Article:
- Applicants must have a signed consent from a parent or guardian if he or she is a minor.
- If the applicant is responsible for a minor child, they must have a child care plan in place.
- Applicants must not require any face-to-face court or institutional supervision or court-imposed fines while enrolled in Job Corps.
- The applicants does not use drugs.
Four stages of the Job Corps Program
Applicants are initially screened for eligibility by organizations that are contracted with the U.S. Department of Labor. Upon acceptance, each student will go through four stages of the Job Corps Program:
Outreach and Admissions: Students meet with admissions counselors and gather information in advance of helping them to prepare to leave for their Job Corps Center.
Career Preparation. Students focus on assimilating into the Job Corps Center, including academic testing, health screening, and instruction on resume building and job search skills. Students are instructed on computer literacy, employability, and center life. This phase lasts for the first 30 days on campus.
Career Development. This is where the student receives all vocational training, drivers’ education, academic instruction, and preparation for life when they finished Job Corps training.
Career Transition Readiness. After the student graduates. Career Transition Specialists outside the center assist in the graduate’s job search and arrangement of living accommodations, transportation, and family support resources. This stage can last up to 21 months after a student graduates.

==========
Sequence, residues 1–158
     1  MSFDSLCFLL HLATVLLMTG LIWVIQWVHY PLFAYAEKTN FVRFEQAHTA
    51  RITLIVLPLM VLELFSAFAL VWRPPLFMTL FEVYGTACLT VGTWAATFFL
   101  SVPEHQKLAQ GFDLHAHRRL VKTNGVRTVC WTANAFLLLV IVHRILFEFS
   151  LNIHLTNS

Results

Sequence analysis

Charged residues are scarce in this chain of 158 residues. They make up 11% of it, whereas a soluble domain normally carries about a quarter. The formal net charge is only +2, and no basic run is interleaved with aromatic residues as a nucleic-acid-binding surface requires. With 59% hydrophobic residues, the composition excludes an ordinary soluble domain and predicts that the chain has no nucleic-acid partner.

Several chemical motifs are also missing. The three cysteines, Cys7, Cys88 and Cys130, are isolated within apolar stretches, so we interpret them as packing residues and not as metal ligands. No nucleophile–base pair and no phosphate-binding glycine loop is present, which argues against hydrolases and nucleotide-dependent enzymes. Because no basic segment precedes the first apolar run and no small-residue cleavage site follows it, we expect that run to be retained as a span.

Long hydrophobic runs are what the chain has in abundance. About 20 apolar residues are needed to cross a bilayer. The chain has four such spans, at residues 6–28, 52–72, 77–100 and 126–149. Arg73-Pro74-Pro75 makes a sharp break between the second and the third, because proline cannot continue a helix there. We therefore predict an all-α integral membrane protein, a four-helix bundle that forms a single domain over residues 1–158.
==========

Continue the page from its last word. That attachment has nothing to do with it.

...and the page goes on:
Learning takes place at Job Corps Centers
Students attend classes and live on campuses at a majority of the Job Corps Centers. There are close to 400 Job Corps Centers throughout the United States, including at least one in every state, one in Washington, D. C. and nine in Puerto Rico. A few campuses are non-residential. You will typically be matched with a center located close to your hometown.
There are also six Regional Jobs Corps Offices as well. They are located in Atlanta, Boston, Chicago, Dallas, Philadelphia, and San Francisco.
To find a local Job Corps Center, go here.
Safety and security are a top priority on campuses. The Jobs Corps has a strict student conduct policy that prohibits violence and drug use to ensure all students can focus on their studies and learn in a safe environment.
Students are provided money each month they are in the program for living expenses. In addition, students also have access to on-center health clinics, and some centers even provide special programs for students who are single parents.
If you live at a center, you may be allowed to visit home, or your parent or guardian can visit the center. Passes may be given for weekend visits with family members, over night trips off the center, holidays and for emergencies.
If you participate in the Job Corps program, there’s a good chance you will attain success in one form or another. It’s estimated that 75% of Job Corps graduates get placed. About 60% join the workforce or enlist in the military. Another 14% of graduates typically go on to enroll in additional education programs.
For more information or to apply
For more information on the Jobs Corps Program go to the program website.
You can also call the Job Corps Program at (800) 733 JOBS (5627).
To apply for admission, go here.